On day 3 of the 2012 Russian Olympic Trials, it was time for the Russian women to take some of the headlines on what was the most exciting session yet of this meet, where a FINA A-standard gets you to the games.
Women’s 100 Breaststroke
Yulia Efimova, like many of the Russians, hasn’t raced a whole lot this year; she ended up winning this 100 breaststroke in 1:07.05, though she has been faster this year. She doesn’t usually have a huge taper, and often swims fast many times in-season, but the times so far this year haven’t done much to indicate she’s got faster than the 1:06.5 she swam last year in her system.
Efimova very-nearly got nipped by 22-year old Daria Deeva, who was 2nd in 1:07.22. Deeva, though she’s a few years older than Efimova, is improving at a much faster clip headed towards London. She could leave the Russians with a very interesting decision on their medley relay. What was most impressive on Deeva’s swim was her closing 50, where she marked a 34.84. That’s world-class closing speed (only American Rebecca Soni closes that fast); if she could balance it with a little bit more coming off of the blocks, she could be a medalist.
Anastasia Chaun, who had to skip last year’s World Championships after a drug-test gone awry, was 3rd in 1:08.74. That’s a lifetime-best for her, so it seems as though she’s recovered sufficiently; her best race is the 200 and based on this swim, something in the 2:23-range would be expected.
16-year old Irina Novikova, a rising star in Russian breaststroke, swam a 1:09.95 for 5th.
Women’s 200 Back
Aside from Efimova, the other big-time name in women’s swimming is Anastasia Zueva. Like Efimova, she had no problem earning her Olympic spot in a first attempt, thanks to a dominating 2:06.59 in the women’s 200 backstroke. That’s the fastest time in the world this year, and the second-fastest swim of Zueva’s career (the only faster was at the 2009 World Championships in polyurethane).
This 200 was the weak-race on Zueva’s schedule at the 2011 edition of the World Championships, but it looks like she might be a double-medal contender in London.
Men’s 200 Breaststroke
The Russian men did add another Olympic qualifier on the day, in a bit of an upset at that, as Vyacheslav Sinkevich took the win in a FINA A-cut of 2:11.04. That’s the second time this season he’s been under 2:12, and is the fastest time of his career.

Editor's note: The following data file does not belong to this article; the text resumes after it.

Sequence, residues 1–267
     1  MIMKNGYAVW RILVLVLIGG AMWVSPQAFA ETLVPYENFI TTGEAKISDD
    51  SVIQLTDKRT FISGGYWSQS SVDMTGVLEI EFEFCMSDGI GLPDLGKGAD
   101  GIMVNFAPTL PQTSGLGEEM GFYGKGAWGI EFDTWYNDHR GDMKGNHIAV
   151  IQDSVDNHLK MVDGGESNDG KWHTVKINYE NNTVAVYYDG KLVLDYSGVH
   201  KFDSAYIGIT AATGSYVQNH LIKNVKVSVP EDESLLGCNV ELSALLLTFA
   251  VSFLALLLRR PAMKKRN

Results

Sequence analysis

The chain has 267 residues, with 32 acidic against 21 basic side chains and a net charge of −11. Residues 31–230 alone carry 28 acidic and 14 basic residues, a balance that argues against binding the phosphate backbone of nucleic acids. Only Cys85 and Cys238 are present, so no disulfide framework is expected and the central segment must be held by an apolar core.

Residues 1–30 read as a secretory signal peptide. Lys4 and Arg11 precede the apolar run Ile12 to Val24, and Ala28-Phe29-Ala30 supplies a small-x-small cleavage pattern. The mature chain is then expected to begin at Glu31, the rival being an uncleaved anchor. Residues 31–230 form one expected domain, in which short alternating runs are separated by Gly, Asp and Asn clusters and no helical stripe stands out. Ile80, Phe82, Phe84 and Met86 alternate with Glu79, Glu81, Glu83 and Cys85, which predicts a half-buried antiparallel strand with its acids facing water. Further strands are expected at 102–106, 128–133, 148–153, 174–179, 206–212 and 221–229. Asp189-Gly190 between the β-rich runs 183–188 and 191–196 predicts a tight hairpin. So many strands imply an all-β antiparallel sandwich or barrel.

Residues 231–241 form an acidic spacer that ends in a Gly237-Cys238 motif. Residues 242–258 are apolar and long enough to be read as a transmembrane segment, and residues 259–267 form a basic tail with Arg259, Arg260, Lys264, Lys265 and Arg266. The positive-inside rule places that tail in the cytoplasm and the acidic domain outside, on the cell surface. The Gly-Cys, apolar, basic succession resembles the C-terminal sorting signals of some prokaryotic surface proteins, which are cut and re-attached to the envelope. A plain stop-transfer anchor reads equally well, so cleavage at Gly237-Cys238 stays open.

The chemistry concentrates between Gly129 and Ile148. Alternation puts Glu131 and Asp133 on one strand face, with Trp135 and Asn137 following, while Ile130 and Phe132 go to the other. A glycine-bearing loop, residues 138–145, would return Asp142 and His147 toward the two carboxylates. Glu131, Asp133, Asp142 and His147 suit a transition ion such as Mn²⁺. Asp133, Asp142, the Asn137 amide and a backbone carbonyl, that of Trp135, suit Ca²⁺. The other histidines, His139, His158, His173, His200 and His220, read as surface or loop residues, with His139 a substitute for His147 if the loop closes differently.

He wasn’t on the World Championship team in 2011, but even without his talent being fully recognized, the Russians were probably hoping for two in this race. Anton Lobanov swam a 2:12 for 2nd and Grigory Falko (who was swimming 2:11’s last season) was a disappointing 7th in 2:14.95.
Men’s 200 Free
For the storied Russian freestyle crew, we got our first taste in the men’s 200 free. They weren’t outstanding, but they’ll probably be ok with that based on how good they looked headed into Worlds and how flat they fell once there.
Danila Izotov took the top spot in 1:46.56, which is 5th-best in the world, and about four-tenths slower than he was at this same meet last year. (Still, that’s 8-tenths better than he was in Shanghai…).
The runner-up, who will also have an individual spot, is Evgeny Lagunov in 1:47.47, which is the best time of his career. He needed every hundreth to hold off the upstart Artem Lobuzov, who at only 21-years old swam a lifetime best of 1:47.53.
The 4th relay member would be Nikita Lobintsev in 1:47.78; Michal Polishuk and Alexander Sukhorukov will be viable relay alternates with 1:48.0’s.
The biggest semi on the day was the men’s 50 fly, where Nikita Konovalov swam a 23.26, which ties him with Cesar Cielo for the fastest time in the world.
In the men’s 200 backstroke, Arkady Vyatchanin took the top seed in 1:58.69, followed by Anton Anchon a half-second back. Nobody has hit the FINA A-time yet (Vyatchanin surely will in finals); Stanislav Donets is limping into the final once again as the 7th seed in 2:01.69. That will be his last chance at the Olympic Team.